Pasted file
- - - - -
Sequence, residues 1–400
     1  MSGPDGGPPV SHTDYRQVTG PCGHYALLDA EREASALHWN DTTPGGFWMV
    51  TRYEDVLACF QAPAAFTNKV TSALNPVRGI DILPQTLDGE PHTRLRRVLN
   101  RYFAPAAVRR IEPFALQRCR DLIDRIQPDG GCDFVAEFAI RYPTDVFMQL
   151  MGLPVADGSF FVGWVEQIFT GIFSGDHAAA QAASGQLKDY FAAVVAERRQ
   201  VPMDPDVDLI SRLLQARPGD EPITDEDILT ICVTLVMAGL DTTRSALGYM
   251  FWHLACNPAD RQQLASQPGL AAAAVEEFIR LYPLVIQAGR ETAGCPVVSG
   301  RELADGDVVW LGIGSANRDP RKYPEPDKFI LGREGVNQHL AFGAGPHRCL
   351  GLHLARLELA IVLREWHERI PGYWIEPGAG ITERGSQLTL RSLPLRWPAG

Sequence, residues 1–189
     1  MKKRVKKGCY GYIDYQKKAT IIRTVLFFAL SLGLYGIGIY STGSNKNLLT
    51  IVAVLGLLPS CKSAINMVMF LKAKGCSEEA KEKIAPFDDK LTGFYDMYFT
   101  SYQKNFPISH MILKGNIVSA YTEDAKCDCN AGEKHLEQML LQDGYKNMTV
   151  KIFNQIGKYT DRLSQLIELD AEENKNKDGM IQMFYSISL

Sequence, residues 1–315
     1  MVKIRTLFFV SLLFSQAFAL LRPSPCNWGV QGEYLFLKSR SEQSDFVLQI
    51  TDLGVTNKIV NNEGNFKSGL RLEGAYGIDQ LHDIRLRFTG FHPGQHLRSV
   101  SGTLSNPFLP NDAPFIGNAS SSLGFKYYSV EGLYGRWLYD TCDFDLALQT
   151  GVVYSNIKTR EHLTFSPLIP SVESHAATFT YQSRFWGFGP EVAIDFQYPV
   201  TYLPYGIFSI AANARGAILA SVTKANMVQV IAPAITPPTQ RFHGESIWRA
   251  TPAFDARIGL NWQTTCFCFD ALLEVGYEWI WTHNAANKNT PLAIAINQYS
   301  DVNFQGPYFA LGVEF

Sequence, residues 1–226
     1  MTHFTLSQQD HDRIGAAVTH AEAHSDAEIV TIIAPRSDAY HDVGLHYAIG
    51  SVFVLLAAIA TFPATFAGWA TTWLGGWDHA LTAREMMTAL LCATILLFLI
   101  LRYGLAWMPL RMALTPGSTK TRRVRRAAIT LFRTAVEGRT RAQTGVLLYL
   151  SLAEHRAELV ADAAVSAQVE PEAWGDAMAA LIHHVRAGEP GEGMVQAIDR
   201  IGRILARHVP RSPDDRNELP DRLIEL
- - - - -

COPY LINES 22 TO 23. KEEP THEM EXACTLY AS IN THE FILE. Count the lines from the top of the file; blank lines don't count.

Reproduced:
   301  DVNFQGPYFA LGVEF

Sequence, residues 1–226